“I’ve been travelling so much that I wasn’t even aware that mango season is here,” said the lean designer, digging happily into her Aam Moong Dal Salad. “I’m a mango addict,” she grinned. Her robust companion was more appreciative of the entire spread. “I love their concept of flavouring a multi-course meal with a single fruit, which you normally taste only in desserts. This makes the whole thing not very aam (read common in Hindi)!” chirped Bikram. He should’ve been an adman, suggested one of his co-diners. “Well, I am a pundit!” laughed the tabla exponent.

The fest, on from May 14 to 24, promises many more such addas as foodies cool off with Aam Porar Shorbot and a raw mango salad platter to be followed by rice, Tok Dal, Aamer Ambol, Aam Begun, Doi Aam Potol, Aar Machh Aam aar Shorshe Diye, Kacha Aam Bhindi Ilish, Chingri Machh Posto, Tok Jhal Aam Pudina Mangsho, Aam Gurer Morabba and Aamer Chutney capped with Aam Khir, fresh mango with vanilla ice cream and Aam Sandesh. The delicious Aamer Kulfi stands out because of its presentation — which regulars with street kulfiwalas will be familiar with. Whole mango, peels et al, stuffed with kulfi, frozen and served sliced.

Doi Aam Potol and Tok Jhal Aam Pudina Mangsho are innovations chef Sushanto Sengupta has come up with. While the former is the traditional Doi Potol with a distinct mango flavour, the latter is more experimental.

“We’ve added a paste of mango, pudina and green chillies to the dish, which is normally used as a chutney on its own,” explains Sushanto.

The dishes that click will be part of the regular menu for the remainder of the mango season.

Family ties

More on mothers and daughters. To the design team behind M&S, Megha and Saroj Dalmia, synergy comes naturally. Maybe that is why complete synergy in clothing and accessories is their fashion mantra.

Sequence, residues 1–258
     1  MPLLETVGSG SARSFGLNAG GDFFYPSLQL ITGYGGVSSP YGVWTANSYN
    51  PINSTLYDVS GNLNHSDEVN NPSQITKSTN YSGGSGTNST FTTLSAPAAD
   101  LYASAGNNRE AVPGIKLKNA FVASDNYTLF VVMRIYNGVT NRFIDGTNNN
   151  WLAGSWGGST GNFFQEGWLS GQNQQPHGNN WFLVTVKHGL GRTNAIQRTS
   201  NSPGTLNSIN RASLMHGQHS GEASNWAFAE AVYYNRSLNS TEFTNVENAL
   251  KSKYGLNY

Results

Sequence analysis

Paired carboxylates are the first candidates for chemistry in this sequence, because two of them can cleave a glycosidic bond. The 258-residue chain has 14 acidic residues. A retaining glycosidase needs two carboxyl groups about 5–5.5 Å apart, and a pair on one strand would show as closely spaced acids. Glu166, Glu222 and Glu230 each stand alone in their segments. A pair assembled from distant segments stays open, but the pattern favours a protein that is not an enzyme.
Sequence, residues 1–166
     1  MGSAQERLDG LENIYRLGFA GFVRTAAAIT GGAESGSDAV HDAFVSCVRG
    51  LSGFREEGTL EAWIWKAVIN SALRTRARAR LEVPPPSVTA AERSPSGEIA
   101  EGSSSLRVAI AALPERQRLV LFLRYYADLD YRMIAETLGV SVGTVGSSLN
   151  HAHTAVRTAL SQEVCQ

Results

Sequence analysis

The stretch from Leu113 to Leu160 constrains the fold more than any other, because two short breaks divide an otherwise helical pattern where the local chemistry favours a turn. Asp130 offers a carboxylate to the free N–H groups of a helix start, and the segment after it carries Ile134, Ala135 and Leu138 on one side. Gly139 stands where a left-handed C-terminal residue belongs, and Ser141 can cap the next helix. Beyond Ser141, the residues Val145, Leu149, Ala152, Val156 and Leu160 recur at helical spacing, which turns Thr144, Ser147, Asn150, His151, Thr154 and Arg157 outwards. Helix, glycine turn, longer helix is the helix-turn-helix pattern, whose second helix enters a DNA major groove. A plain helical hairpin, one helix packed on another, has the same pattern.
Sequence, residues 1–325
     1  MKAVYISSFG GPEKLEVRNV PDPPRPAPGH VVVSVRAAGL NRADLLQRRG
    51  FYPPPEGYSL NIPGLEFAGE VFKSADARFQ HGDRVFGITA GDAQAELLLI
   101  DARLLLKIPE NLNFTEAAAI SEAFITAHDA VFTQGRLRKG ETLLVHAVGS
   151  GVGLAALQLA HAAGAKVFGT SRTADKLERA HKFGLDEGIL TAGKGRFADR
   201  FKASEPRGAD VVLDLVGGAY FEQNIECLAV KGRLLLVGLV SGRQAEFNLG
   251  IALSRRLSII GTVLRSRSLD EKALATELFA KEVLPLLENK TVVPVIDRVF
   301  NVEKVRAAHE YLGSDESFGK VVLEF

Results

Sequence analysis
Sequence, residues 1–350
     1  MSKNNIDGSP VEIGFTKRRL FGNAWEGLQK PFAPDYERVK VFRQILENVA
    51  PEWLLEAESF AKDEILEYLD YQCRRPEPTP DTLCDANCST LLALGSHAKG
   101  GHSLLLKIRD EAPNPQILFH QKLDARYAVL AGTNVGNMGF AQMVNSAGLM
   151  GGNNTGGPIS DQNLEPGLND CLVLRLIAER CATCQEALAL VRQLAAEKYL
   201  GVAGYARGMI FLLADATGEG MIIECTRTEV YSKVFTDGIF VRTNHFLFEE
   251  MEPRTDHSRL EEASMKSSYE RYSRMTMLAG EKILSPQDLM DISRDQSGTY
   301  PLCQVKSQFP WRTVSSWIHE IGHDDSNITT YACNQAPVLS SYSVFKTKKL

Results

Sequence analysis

Their boutique, set up last October, works to create different looks, complete with bags, footwear and jewellery.

“The idea is to make sure that customers walk in, choose an outfit, matching footwear and bags and try out some of the silver jewellery to complete the look they want,” said the young Megha.

The collection is divided into casuals, semi-formals and formals and includes saris, salwar-suits, kurtis, fusion garments and men’s wear. The soaring temperatures have ensured that the cotton range of salwar-kurtas and pant suits is wider than the rest. Dupion, linens matka cotton, khadi and jute make up this range. Khari prints, mirrorwork, mukesh and crushed textures create a great party look.

For a more formal effect, suits in georgette and crepe come with kundan work, georgette applique and square sequins. While the stone work is colourful, an overdose of beads, pearls and sequins is apparent in some of the drapes.

Skirts come in layers and in mermaid cuts. Brocade, patchwork and applique both on the front and the back adorn the skirts. Silk brocade-bordered skirts could almost work as straight-cut lehngas.

The designers have also ventured into men’s wear, with a range of self-embroidered, pintucked shirts and kurtis. “We have used the crushed and crinkled look to great effect in our line, which we have just launched,” adds Megha.

Established mojris and flat footwear in colours ranging from moss green and brown to gold and sky blue, sourced from Bhuj, Delhi and smaller towns of Uttar Pradesh can be teamed with most outfits on display.

While M&S also supplies clothes to stores in Delhi, Jaipur, Mumbai, Chennai and Bangalore, the emphasis is on giving city buyers new designs each season, emphasises Megha.